Approved as an independent, public charter school in December of 2000 under the sponsorship of Hamline University, Avalon School was created by a small group of parents and educators who had the shared vision of providing a different, more democratic learning environment for students in the Twin Cities.
Our founders felt that the traditional assembly-line methodology common in most secondary schools did not adequately prepare young people to become fully actualized members of their communities. In an attempt to meet these needs, Avalon’s starting teachers researched similar schools with progressive teaching models and political structures to find the right combination that would fit their vision.
After collecting data and visiting other schools with similar visions, the founders of Avalon decided to combine Project-Based Learning with a teacher cooperative governance model. This innovative combination would later become the foundation for the Avalon School.
From the beginning, Avalon has been committed to creating a safe, supportive community within the school. We do this by remaining a small community, and by promoting strong student and staff relationships through advisory-based activities, service-learning day events, and field trips.
Avalon students develop strong relationships with both students and staff members through our advisory model; students remain with the same advisor for the duration of their tenure, in both the middle and high school.
Staff, students, and parents all help create and maintain a community that is reflective, adaptive, and renewing. All community members are learners. The school is governed by a teacher cooperative. This shared ownership and governance helps focus all stakeholders and fosters a spirit of commitment and dedication to making Avalon an ideal place to learn. Avalon encourages community-building processes such as circles and conflict resolution practices, giving voice to all participants.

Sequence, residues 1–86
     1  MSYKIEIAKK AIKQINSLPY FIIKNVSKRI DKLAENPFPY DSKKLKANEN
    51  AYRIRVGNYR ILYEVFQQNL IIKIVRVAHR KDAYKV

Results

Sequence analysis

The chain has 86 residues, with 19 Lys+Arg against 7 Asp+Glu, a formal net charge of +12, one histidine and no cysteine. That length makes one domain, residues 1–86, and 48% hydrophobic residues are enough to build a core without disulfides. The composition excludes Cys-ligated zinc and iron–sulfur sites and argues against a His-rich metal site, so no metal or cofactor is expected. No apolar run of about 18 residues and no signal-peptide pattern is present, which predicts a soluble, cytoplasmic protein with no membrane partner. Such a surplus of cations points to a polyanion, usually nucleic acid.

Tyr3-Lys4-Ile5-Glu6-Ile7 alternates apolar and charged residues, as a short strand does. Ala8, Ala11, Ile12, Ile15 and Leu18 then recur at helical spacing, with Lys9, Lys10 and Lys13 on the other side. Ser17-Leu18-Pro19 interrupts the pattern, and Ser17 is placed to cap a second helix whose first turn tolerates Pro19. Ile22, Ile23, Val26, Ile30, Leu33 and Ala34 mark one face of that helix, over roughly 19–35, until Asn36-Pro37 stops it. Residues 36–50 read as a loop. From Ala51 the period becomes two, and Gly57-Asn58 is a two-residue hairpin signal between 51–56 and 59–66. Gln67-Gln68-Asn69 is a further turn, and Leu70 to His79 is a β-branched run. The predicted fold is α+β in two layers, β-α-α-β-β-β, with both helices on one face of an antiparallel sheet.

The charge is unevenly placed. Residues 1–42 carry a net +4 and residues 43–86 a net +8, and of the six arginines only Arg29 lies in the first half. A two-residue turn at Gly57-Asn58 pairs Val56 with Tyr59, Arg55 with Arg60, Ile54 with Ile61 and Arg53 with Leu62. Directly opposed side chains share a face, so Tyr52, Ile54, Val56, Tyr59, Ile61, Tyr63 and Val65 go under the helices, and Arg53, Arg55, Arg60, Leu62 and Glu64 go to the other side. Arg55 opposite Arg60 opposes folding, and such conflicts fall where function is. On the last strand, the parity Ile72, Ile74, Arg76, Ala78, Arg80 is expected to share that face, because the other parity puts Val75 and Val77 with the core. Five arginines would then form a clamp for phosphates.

Since our school opened its doors in 2001, Avalon has proudly implemented - and continued to fine-tune - its innovative teacher cooperative governance model, in which all of our staff members assume administrative duties and have equal authority in all decision-making situations
While this cooperative leadership model can be difficult and time-consuming at times, it allows for Avalon staff to operate with full autonomy and equity, as we share ownership for the decisions that are made regarding our programming and budget.
In the beginning of 2005, we pulled two teachers out of their advisories part-time, in order to fulfill the roles of Business Manager and Program Coordinator. Since 2006, two teachers have shared the Program Coordinator role. This strategy allowed for a few teachers and co-op members to increase the percentage of time they spent on administrative duties and decrease the percentage of time spent with students without compromising their authority or decision-making power.
Here's a short clip from high school advisor Carrie Bakken on Avalon's cooperative model: